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Water-Puppet Show in Vietnam

The puppet show is an age old traditional genre of art closely connected with Vietnamese people�€™s spiritual life. There are many kinds of puppet shows, for example land-puppet, water- puppet, rope climbing puppet, etc.

The show could be performed in various ways, bearing masks as in the Xuân Phả dance (from Thanh Hoá province) and in that performed among the various T� y and Cao Lan ethnic groups, or in disguised dances such as in Khmer Ro-bam dance (from South Vietnam). But the most popular and dynamic is undoubtedly the water-puppet show with its artistic performance.

The water-puppet show is in fact a derivation of the theatre, using puppets, wooden statues and disguised appearances to act in a play on the stage. The characteristics of this theatre are the water stage and the puppets. It is not quite clear when this artistic form came into existence in Vietnam, but in the period of Th�ƒng Long - Hanoi, it was recorded quite early. The Complete Work of Đại Vi�‡t History mentioned: In the second month in Spring, the 12th year of Tân Dậu (1021), on the Great Anniversary, bamboo-trees were used to erect the South Mount of Longevity at Quảng Phúc Gate; upon the mount, figures of birds flying, and wild animals running make the picturesque spectacle with a multitude of aspects, and men are ordered to imitate the singing of birds, and the roaring of animals to please the spectators.

The most interesting feature is the presence of water puppets tossing on the flow of the Red River... Golden tortoises bearing three mounts upon their heads, fluttering in the river flow, displaying their golden shells and showing their four feet. Swimming in the sluggish flow, casting a side long glance to the river bank, ejecting water from their mouth to the shore, looking upwards to the royal diadem, bending down over the water to survey the blue sky, regarding the steep rock in the melodious hymns... on the back of golden tortoises, gates are opened in grottoes to let land puppets in angels roles appear, performing the dance of "wind is coming" singing the "good chance" song, bands of rare birds are singing and dancing, groups of deer are tottering. This proves that since the Lý dynasty there already existed not only both of two kinds of puppets (land and water) but they were combined in perfect harmony, thus making the performance most sophisticated.

Later on, during the prosperous period of the centralised state (XV century) the art of puppet performing as a whole suffered the same destiny as other traditional performing arts, such as the classic operas of Tu�“ng and Chèo, and they had to draw back into folk art. But it was just in this environment that the water puppets were not only preserved and nourished but even complemented with additional folk features, making this style of theatre become a most unique and diversified artistic form. Enhanced with warm breathe from the countryside, the puppet show has become quite lively and attractive with scenes praising the joys of agricultural activities, providing various kinds of entertainment and expressing historical events.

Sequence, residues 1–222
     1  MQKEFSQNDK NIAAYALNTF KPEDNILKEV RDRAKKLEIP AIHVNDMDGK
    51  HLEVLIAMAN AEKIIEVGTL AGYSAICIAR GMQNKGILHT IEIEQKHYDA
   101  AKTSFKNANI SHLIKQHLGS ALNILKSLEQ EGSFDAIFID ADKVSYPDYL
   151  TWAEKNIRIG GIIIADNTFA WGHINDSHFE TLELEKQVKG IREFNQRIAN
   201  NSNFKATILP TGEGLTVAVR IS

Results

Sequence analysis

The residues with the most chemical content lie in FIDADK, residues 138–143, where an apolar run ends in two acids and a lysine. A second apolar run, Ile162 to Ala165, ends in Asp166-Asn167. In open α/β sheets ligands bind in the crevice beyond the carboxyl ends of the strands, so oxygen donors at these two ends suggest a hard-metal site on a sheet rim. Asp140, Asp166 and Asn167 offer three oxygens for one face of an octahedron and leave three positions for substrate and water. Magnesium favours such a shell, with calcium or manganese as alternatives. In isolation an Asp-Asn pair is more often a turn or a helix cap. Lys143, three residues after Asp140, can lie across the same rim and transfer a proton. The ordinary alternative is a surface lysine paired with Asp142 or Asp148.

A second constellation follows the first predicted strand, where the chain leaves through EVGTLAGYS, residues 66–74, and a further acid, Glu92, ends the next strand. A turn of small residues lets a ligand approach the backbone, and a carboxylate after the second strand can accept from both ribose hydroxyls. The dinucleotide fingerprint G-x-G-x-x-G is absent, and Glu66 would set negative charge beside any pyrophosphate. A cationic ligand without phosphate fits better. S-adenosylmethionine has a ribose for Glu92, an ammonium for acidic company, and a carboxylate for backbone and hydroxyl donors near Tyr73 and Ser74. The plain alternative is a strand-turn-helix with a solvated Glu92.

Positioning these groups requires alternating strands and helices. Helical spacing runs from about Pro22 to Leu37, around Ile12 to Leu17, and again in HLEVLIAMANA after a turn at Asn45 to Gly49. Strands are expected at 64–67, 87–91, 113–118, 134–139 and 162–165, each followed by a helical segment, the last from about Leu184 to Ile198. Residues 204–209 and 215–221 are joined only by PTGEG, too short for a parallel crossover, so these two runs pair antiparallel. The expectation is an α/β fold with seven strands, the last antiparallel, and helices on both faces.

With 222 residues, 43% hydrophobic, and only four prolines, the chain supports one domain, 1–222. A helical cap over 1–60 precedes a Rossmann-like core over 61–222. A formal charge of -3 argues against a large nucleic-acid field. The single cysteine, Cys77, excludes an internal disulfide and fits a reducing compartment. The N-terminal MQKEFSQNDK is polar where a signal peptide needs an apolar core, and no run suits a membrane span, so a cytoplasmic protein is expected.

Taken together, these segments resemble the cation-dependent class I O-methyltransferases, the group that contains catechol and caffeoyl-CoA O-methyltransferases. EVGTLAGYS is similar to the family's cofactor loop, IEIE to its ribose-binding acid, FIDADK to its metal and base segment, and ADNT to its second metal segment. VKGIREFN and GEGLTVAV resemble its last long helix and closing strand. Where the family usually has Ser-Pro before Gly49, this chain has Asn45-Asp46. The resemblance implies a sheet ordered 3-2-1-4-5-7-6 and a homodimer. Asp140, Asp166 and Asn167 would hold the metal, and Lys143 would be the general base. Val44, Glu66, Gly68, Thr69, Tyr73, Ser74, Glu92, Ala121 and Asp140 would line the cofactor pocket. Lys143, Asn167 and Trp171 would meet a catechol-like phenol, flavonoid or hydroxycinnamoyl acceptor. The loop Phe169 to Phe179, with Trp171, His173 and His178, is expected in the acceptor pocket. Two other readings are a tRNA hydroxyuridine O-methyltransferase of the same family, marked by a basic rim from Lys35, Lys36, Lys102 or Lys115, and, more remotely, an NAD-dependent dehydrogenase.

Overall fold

In earlier times, the puppet show was performed without words. The combination of puppets�€™ actions and accompanying words was a later creation. Since then the performing artists have unceasingly enhanced this combination to make the puppet-show win all hearts, adults as well as children.

Water-puppets are made of light wood with tough fibres and painted with lacquer. The show is performed through a remote-control device consisting of strings or poles. The puppeteers stand behind a screen in water up to their waists, controlling the puppets movements with a system of strings or long bamboo poles. The show is accompanied by musical instrument such as gongs and cymbals, and resounds with sounds of fire-crackers. Today the music is played by a traditional orchestra. In every water-puppet performance, a puppet-actor called Teu always appears playing the introductory role of the story to be performed.

The water-puppet theatre always consists of two parts and occupies the middle of a pond. There is a floating chamber of bamboo closed at three sides with a bamboo screen hanging in the front. The puppeteers stand behind the screen in water to control the puppets. The front of the screen is the square water stage of about 4 x 4m, where the puppets perform under the control of puppeteers.

The spectators stand in courtyards in front of, or at two sides of, the stage. In earlier times, the chamber for puppeteers was a brick construction called water-pavilion. Vestiges of this can be seen now in some places such as at the Master Pagoda and Giãng Temple. Notably in Đ� o Thục village, Thuỵ Lâm commune, Đông Anh district remains of a water-puppet group hundreds years old can be seen. Nowadays in that village the traditional plays still exist and young generations of puppeteers are following their elders in training, creating and performing to serve the villagers and taking part in various national festivals of art.

VNCG-VDC1 - (31/03/2004)

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